Action needed on medical workforce planning
AMA Vice President, Dr Stephen Parnis, said today that the AMA is concerned that medical workforce planning in Australia has stalled since the abolition of Health Workforce Australia in the May Budget.
Dr Parnis said that effective and coordinated medical workforce planning is essential to ensure we have a highly skilled medical workforce in the right numbers and in the right places to meet the future health needs of the Australian community.
“We are currently experiencing ongoing medical workforce shortages in a number of specialties, as well as in regional and rural Australia,” Dr Parnis said.
“The AMA acknowledges the strong efforts made by the Commonwealth to address medical workforce shortages, in particular the expansion of medical school places since 2004.
“But it is projected that, by 2017, there will be more than 3800 graduates of Australian medical schools.
“These medical graduates must have access to sufficient postgraduate training positions in the right specialties and locations so that the future medical workforce is delivering the services that the community needs.
“Robust medical workforce planning is needed to maximise the benefits that these highly trained future doctors can bring to the health system.
“The AMA had worked closely with Health Workforce Australia (HWA), which had undertaken substantial long-term national workforce planning projections for the medical profession.
“Early this year, HWA, overseen by the National Medical Training Advisory Network (NMTAN), had started work on a National Training Plan that would include extensive speciality workforce projections and recommended training intakes.
“With HWA now gone, the AMA wants to see the National Training Plan progressed.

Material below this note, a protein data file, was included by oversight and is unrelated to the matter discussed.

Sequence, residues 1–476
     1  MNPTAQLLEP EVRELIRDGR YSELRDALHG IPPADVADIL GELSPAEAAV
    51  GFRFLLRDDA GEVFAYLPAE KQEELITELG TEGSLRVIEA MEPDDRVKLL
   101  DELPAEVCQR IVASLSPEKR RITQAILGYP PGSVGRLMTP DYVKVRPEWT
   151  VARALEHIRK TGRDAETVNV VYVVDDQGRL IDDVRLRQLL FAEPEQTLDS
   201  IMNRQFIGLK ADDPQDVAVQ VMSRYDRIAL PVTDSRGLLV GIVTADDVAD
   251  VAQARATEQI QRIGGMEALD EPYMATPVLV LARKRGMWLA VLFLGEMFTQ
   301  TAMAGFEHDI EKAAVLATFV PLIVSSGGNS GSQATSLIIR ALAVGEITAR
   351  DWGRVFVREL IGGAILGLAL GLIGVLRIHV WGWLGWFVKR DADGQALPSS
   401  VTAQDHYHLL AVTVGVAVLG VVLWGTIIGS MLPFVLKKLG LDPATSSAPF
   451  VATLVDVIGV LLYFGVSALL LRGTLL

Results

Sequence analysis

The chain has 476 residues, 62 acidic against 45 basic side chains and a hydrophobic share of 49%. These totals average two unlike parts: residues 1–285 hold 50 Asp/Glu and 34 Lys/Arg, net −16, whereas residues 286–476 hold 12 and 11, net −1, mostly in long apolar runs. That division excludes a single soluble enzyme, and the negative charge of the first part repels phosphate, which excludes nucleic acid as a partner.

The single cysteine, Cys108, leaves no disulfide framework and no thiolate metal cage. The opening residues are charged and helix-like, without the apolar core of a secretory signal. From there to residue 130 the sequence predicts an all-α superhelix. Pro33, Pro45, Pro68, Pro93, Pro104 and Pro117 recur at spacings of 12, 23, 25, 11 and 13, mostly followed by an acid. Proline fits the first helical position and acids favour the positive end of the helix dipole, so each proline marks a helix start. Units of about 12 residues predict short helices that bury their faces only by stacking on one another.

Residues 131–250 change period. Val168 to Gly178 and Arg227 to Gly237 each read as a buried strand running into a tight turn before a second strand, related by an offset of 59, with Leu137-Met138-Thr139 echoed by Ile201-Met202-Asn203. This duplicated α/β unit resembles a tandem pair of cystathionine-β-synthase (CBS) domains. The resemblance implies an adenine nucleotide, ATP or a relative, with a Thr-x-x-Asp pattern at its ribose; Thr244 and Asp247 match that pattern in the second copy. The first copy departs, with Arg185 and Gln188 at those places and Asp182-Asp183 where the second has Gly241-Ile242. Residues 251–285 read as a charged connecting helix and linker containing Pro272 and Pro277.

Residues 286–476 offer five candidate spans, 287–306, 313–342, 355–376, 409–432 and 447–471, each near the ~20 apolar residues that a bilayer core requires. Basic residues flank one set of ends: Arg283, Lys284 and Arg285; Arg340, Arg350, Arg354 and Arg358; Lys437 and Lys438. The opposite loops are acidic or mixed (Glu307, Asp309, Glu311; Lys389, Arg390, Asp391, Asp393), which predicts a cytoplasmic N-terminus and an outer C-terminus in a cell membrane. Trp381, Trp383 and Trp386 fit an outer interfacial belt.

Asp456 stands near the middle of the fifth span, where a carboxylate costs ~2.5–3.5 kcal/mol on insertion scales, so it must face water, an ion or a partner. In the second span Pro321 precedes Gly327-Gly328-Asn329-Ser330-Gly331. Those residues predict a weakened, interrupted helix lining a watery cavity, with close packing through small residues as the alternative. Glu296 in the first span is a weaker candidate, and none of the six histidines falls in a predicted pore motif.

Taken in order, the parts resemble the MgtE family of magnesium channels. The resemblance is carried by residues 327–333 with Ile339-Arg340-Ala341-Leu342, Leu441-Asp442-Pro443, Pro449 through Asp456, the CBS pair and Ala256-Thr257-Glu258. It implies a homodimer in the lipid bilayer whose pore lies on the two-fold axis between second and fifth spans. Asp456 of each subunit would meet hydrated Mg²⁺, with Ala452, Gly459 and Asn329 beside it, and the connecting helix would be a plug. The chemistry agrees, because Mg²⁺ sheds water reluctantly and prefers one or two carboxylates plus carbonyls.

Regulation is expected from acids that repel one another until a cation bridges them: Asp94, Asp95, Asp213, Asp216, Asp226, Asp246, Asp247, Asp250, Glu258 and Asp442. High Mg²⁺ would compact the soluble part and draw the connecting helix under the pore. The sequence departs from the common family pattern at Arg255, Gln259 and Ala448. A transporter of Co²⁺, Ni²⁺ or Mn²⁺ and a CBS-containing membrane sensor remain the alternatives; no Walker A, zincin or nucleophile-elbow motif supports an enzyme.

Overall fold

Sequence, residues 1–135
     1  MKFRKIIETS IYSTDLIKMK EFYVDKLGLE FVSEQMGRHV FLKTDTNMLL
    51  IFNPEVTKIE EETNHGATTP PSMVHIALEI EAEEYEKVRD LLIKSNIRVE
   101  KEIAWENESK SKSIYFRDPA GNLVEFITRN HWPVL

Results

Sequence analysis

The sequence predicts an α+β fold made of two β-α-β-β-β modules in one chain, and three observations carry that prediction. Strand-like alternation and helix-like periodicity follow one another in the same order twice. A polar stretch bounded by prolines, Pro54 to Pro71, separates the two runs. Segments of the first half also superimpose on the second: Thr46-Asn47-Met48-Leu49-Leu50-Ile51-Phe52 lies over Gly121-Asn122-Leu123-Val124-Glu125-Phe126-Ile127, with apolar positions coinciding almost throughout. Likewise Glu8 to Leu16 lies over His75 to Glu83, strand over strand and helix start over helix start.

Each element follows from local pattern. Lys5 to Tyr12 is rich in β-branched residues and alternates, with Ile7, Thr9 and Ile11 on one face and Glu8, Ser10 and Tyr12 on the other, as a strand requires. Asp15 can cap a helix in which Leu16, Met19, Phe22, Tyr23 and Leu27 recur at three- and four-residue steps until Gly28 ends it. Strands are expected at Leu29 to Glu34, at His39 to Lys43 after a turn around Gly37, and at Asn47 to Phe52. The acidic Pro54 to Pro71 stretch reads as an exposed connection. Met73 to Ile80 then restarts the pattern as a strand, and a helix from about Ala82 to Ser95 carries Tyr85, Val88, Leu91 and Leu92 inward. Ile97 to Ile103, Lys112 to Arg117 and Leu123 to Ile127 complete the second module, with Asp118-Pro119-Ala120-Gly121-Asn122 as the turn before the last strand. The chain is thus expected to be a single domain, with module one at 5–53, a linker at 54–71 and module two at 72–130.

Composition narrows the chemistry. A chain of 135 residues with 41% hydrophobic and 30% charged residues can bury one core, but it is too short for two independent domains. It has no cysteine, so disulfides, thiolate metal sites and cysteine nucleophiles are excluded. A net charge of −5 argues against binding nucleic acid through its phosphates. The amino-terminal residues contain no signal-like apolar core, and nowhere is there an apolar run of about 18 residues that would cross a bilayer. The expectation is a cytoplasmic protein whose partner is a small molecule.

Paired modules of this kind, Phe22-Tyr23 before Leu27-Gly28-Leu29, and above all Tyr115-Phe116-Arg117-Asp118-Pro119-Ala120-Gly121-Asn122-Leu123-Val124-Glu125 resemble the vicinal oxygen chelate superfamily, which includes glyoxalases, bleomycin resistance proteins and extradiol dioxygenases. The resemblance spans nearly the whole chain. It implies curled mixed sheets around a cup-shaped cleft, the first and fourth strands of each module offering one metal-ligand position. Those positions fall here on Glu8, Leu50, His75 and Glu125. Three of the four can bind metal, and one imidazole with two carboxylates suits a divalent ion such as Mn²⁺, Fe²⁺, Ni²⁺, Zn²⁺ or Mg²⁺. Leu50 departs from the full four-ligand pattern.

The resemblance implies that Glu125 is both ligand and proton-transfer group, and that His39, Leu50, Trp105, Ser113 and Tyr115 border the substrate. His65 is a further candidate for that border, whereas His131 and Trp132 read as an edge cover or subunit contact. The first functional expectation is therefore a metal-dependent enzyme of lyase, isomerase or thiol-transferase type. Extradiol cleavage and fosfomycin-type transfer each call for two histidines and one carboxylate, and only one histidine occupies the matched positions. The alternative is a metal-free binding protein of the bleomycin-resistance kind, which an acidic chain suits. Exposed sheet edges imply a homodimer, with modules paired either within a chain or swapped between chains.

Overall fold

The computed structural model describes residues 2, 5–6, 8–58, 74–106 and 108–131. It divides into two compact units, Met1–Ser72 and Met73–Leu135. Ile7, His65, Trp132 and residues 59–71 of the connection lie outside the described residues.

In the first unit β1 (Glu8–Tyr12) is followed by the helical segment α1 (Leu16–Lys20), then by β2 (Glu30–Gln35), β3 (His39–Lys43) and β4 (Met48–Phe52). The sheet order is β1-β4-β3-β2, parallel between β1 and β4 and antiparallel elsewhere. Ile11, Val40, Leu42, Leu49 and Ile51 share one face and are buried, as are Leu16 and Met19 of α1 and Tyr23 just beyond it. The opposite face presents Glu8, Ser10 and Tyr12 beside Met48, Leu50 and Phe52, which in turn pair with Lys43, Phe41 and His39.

“The essential functions of HWA have been into the Department of Health, but the AMA understands that only seven former HWA staff accepted offers of employment with the Department.
“As a result, work on the National Training Plan appears to have lost all momentum.”
Dr Parnis said the Health Workforce 2025 report predicted a significant bottleneck in entry to vocational training by 2016, along with a potential shortage of resident medical officer (RMO) training places.
“The AMA is also starting to see emerging evidence of shortages in public sector positions for new Fellows in a number of specialties, such as anaesthetics, particularly in metropolitan areas.
“Rural workforce shortages also remain an acknowledged problem.
“Conscious of these shortages, and noting that the advertising of posts and applications for entry to vocational training in 2016 will occur in mid-2015, the need for a detailed National Training Plan is clearly taking on increased urgency.
“The reality is that already there is probably insufficient time for substantial work to be done to inform vocational training numbers for 2016.
“It is vital that the important work of NMTAN and the development of a detailed National Training Plan is reactivated quickly.
“Workforce planning is falling dangerously behind, and it is patients and communities who will miss out on the highly trained doctors they need in the future if we don’t get the planning right now,” Dr Parnis said.
The AMA has written to Health Minister, Peter Dutton, outlining these concerns.
11 December 2014
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